The majority of chillers are air-cooled packaged systems, where everything is in one cabinet, nice and neat,” notes Turner Hansel, vice president of sales for Filtrine. Water-cooled chillers need to be connected to the facility’s cold water system, which complicates installation and adds to the cost. Air-cooled chillers can stand alone. “A lot of hospitals don’t have room for an indoor water-cooled chiller,” notes Hansel. They also require more ongoing regular maintenance. While air-cooled chillers typically cost a little more to buy, the total cost of ownership is lower over the long run.

Tony Trumblee

Redundancy and backup
Since chillers are vital components of imaging equipment, it makes sense to think about the benefits of redundancy and backup systems. Tony Trumblee, medical account manager at Dimplex Thermal Solutions, says Dimplex is one company that believes in complete redundancy. “To us, redundancy means having dual refrigeration circuits, so we have twice the capacity the MR needs. We have two compressors, two pumps, two heat exchangers. If one cooling circuit goes down, the MR can run on our second cooling circuit.”

All this redundancy, of course, comes with a cost. “Having two of everything doesn’t mean twice the price, but somewhere in the range of one-and-a-half times the price,” according to Trumblee. Hansel of Filtrine claims their chillers ensure “99.9 percent uptime,” through proprietary features. Nestel of Hitachi says redundancy is the customer’s choice. “We don’t see a lot of people opting for total redundancy, so downtime is not that big a problem, as far as we can see,” he says. “For instance, we don’t see a lot of facilities with chillers on their backup power grid. The life-critical equipment, yes, but the chiller, no. So if you have a fully redundant chiller that’s not on backup power, where does that leave you?”

The use of “city water,” from the local system, is a stopgap solution should a chiller go down. The water your typical chiller puts out is not all that cold. It’s around 48 degrees F, but it can be 70 degrees or more. The water that comes out of your tap is typically around 55 degrees F, so for a short period of time, that is good enough. “City water is a stopgap option that helps prevent boil off, but you can’t operate the machine as a scanner,” Hansel notes. A simple bypass valve on the MR lets you switch from chiller water to city water.

John Metellus

Remote monitoring and cybersecurity
Remote monitoring is a major trend in health care for all medical equipment, including chillers. “We’re installing a lot of remote alarm systems now,” says Taylor. “It has become a big part of our business.” That monitoring is, to a large degree, local, and runs on a facility’s subnet. It means the in-house technician doesn’t have to go on the roof or back behind the building where the chiller is located, but can see performance data and get alerts on his computer.

SouthWest Medical Resources, whose core business is not chillers, but is servicing MRs and CTs, has found chiller problems to be such a big part of downtime issues that it is working with a local chiller OEM to create a replacement chiller that provides full remote monitoring functions to help improve uptime. “We’re not selling this chiller wholesale, it’s just for our customers, as a replacement for their existing chiller,” says Mc- Cormack. “The idea we’re working on is to create a much more serviceable chiller that’s more user-friendly because it monitors its own vital functions, and makes that information readily available to the facility’s technicians and our technicians.”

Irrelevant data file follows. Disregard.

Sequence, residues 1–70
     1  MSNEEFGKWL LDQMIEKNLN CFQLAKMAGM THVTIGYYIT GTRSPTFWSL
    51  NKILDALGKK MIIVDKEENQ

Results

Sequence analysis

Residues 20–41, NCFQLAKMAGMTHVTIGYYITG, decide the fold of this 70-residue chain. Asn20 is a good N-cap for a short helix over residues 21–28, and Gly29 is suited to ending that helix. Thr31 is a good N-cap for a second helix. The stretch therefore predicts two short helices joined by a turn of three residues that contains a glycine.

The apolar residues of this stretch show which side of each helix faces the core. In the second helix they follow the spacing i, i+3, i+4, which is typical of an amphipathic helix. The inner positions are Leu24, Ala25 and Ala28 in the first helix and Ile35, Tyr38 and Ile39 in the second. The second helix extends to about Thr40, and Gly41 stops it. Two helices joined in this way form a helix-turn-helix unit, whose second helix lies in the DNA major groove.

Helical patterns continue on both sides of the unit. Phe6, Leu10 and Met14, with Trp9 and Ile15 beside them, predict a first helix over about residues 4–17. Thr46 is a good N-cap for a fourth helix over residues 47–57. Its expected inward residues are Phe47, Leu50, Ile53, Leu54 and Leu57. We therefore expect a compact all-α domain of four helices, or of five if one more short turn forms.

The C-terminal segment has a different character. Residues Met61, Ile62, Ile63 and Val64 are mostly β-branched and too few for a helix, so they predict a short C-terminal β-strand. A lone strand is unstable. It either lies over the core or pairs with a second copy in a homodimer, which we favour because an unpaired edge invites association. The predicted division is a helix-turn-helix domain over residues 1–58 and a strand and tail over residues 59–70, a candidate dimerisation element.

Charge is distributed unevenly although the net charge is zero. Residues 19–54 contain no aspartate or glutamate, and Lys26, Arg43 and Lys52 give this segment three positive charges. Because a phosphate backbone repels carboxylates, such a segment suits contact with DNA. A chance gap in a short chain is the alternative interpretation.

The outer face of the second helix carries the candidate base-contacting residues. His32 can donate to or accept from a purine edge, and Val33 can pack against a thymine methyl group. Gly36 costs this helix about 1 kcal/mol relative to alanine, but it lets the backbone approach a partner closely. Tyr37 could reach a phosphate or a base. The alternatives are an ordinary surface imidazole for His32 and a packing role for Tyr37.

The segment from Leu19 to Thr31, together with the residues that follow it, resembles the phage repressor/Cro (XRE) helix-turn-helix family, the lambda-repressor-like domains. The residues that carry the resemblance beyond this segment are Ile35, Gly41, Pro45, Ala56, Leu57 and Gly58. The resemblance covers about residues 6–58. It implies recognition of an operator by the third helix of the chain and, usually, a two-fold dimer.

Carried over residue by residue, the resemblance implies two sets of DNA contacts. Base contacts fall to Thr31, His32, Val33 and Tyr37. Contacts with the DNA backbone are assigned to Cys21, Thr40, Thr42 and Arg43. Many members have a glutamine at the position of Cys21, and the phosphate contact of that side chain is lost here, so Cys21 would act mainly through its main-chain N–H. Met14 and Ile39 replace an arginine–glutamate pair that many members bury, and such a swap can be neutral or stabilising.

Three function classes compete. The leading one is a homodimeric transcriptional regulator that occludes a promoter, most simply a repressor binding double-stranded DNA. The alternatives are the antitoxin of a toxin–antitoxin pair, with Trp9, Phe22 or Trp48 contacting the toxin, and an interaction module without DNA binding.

Metellus of Siemens says, “The Siemens Uptime Center has the Guardian Program, for remote monitoring of critical aspects of the MRI system. You can subscribe to this optional service allowing Siemens to remotely read environmental conditions such as component (RF, gradients, and magnet cold head) cooling and temperature fluctuations which can be an indicator of water cooling performance.”

If Siemens sees something abnormal, it can proactively send a service call to address the situation. One of the challenges with remote monitoring from beyond the hospital’s own four walls is the fear of cyber attacks and unwanted network access. “With cybersecurity issues rampant these days, some hospital IT departments don’t want people from the outside to have access inside the hospital network,” Metellus says. “We have a VPN, or virtual private network. It’s secure, with encryption to add a level of comfort and ease concerns of the IT department.”

One option is to provide the chiller service company with remote data through a system that allows outbound emails only. There are similar setups that can send texts to a cell phone, but this can create a monthly cell phone bill.

Don McCormack

Predictive service and predictive maintenance
Anyone who owns a car knows about the dreaded “check engine light,” which indicates that you’d better get service soon because something bad is about to happen. This is a predictive service scenario, and something like it is already happening in the chiller business. Some machines have an on-board data analyzer, and if operating parameters are trending in a bad direction, its “check engine light” comes on, and it will send an email saying not only that it needs maintenance, but why it needs maintenance. In an ideal world, any machine would get service when it’s needed, and before a shutdown occurs.

Predictive maintenance is akin to actuarial studies done in the insurance industry. “We base it all on actual and/or projected operating hours,” says King. “Basically, any chiller that has reached 1,500 operating hours needs a PM. ”If they know an MR is a workhorse, so is the chiller, and they can plan on being at that site every two months. If it’s doing light duty, sometimes doing a PM just once a year is enough. In the new field of predictive maintenance, King admits, “there are companies out there doing a heck of a better job than we are.”

In the near future, look for forward-thinking chiller manufactures to offer enhanced remote monitoring, predictive maintenance and service capacities as optional and standard features.